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Hand-held gimbal for stills with long lenses?

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Post Options Post Options   Quote balacau Quote  Post ReplyReply Direct Link To This Post Topic: Hand-held gimbal for stills with long lenses?
    Posted: 21 July 2018 at 22:27
I was recently on a boat trip off the south coast of Wales doing some seal spotting. Saw plenty up fairly close and it was well worth the trip, lovely weather too which always helps!

Anyway I was talking to someone today in the area where I live who was using a hand-held gimbal for their Canon DSLR. Although it only had a 24-70mm F2.8 zoom mounted on it, it did make me think perhaps such a device would be handy for stills photography as well; albeit with longer lenses?

Certainly taking pictures from a boat that's moving around from its own wake and rolling with the swells can be quite a challenge. Now if you add a long lens to that, it can get alot harder. Plus the a-mount in-body stabilisation system isn't entirely effective with longer lenses anyway (something like the 500mm F8 Sony/Minolta mirror lens I'd imagine). So would such a device help with that scenario or are there better ways to get sharp images of say a seal or a cliff-dwelling/diving bird short of using a drone (which wouldn't be permitted anyway)? I've always wanted to get some pictures of Puffins and they do visit the south Welsh coast on occasion but a 300mm lens wouldn't be anywhere near long enough and trying to get a sharp image with a 500mm lens without some assistance probably won't work so well either.

Any advice out there?

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Miranda F View Drop Down
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Post Options Post Options   Quote Miranda F Quote  Post ReplyReply Direct Link To This Post Posted: 22 July 2018 at 09:47
Maybe what you're looking for is a steadycam mounting as used in the cine industry. There are two version of this that I've heard of - a powered one with motors to stabilise the whole camera, and a dumb one which uses a weight below the camera to keep it stable.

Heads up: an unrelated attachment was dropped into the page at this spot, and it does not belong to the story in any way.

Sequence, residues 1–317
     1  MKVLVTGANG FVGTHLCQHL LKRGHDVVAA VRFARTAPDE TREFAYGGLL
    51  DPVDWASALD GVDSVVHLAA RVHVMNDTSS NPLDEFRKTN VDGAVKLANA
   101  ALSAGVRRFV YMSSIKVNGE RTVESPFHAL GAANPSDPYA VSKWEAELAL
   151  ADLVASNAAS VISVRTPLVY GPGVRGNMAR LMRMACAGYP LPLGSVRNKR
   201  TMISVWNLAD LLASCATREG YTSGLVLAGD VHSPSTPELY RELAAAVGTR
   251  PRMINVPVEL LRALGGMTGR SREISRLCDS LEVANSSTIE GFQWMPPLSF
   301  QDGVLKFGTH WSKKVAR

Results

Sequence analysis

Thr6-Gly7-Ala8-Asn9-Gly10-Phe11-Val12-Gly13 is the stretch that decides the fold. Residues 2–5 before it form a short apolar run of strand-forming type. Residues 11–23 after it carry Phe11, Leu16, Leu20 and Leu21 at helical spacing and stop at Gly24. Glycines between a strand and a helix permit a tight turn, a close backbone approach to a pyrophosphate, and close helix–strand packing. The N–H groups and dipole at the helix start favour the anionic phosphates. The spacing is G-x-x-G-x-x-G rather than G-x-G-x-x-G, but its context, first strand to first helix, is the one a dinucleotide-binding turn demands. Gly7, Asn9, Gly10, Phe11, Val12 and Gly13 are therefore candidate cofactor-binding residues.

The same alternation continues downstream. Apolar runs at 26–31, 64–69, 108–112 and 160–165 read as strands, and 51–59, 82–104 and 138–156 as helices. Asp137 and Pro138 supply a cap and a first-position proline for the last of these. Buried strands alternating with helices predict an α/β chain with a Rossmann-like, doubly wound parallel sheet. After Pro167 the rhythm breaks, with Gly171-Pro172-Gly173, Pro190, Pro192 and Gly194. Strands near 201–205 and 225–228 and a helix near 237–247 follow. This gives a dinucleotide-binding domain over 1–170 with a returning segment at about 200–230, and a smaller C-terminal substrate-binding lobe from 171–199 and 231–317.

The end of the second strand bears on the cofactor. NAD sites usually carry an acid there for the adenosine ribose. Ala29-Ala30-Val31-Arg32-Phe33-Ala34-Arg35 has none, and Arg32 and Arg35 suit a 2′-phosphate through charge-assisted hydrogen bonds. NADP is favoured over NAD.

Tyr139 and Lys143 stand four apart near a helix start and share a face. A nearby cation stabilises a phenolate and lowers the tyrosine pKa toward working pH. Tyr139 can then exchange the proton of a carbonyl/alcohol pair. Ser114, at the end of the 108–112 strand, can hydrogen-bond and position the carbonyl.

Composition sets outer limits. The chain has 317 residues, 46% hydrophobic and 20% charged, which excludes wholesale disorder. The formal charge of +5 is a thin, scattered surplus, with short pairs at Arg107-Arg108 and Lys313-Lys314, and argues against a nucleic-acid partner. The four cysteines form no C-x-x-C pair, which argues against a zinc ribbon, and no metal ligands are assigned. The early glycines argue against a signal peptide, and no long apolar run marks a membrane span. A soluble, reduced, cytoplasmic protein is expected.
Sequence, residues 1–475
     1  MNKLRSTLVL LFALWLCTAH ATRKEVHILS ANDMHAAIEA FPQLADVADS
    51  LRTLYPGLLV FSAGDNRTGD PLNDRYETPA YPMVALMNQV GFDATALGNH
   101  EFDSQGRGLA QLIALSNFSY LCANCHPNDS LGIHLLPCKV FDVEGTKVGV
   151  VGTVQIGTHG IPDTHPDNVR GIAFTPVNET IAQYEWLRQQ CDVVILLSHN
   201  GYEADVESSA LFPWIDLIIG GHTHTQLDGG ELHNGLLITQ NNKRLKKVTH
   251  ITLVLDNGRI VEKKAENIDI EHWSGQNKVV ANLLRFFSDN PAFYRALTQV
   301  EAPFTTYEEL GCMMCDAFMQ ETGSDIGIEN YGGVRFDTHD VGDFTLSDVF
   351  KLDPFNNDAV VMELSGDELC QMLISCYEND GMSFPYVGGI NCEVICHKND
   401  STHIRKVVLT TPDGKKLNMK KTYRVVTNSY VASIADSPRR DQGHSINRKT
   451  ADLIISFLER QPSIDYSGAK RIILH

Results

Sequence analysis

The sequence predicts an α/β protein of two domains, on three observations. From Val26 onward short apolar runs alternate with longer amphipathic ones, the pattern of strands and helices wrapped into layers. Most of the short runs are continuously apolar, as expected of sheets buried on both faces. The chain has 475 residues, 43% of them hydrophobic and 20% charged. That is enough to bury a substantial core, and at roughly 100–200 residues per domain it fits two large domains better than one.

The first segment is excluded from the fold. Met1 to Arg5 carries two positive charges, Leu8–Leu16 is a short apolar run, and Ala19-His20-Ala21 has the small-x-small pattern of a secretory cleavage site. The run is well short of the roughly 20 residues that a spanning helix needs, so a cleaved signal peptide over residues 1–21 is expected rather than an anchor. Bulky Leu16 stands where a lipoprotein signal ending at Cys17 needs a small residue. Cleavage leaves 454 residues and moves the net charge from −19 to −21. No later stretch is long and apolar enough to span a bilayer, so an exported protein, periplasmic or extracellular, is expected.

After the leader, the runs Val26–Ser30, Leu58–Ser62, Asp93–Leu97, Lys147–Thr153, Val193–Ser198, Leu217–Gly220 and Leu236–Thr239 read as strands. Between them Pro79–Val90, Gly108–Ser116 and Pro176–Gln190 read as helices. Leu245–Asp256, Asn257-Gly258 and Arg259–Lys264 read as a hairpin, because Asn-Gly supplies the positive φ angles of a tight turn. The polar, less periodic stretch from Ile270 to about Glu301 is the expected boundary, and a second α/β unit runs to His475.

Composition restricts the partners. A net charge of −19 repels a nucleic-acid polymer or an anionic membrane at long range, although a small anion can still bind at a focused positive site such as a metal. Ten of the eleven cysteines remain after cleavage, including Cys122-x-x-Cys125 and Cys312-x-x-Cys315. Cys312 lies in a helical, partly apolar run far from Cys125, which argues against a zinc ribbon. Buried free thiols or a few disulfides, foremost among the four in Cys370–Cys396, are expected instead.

You can get a feel for what the latter will do if you attach a collapsed monopod or short heavy tripod underneath the camera and hold it loosely in your fingers around the mounting point, so the tripod can swing about. The mass of the tripod tends to keep the camera still even if your body moves. If you use a long lens, you need to push the tripod forwards so the centre of mass of the whole lot is in the right place.

I used this trick in film days before steadyshot came out, but I guess there's probably somebody making a dedicated version now ...

If you want a long focal length, the mirror lenses are ideal here because they are short and light. I've used the Tamron 500mm this way, but not the Minolta (which usefully has AF)
Miranda F & Sensorex, Sony A58, 5d, Dynax 4, 5, 60, 500si/600si/700si/800si, various Sony & Minolta lenses, several Tamrons, lots of MF primes and *far* too many old film cameras . . .
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SnowFella View Drop Down
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Post Options Post Options   Quote SnowFella Quote  Post ReplyReply Direct Link To This Post Posted: 22 July 2018 at 10:09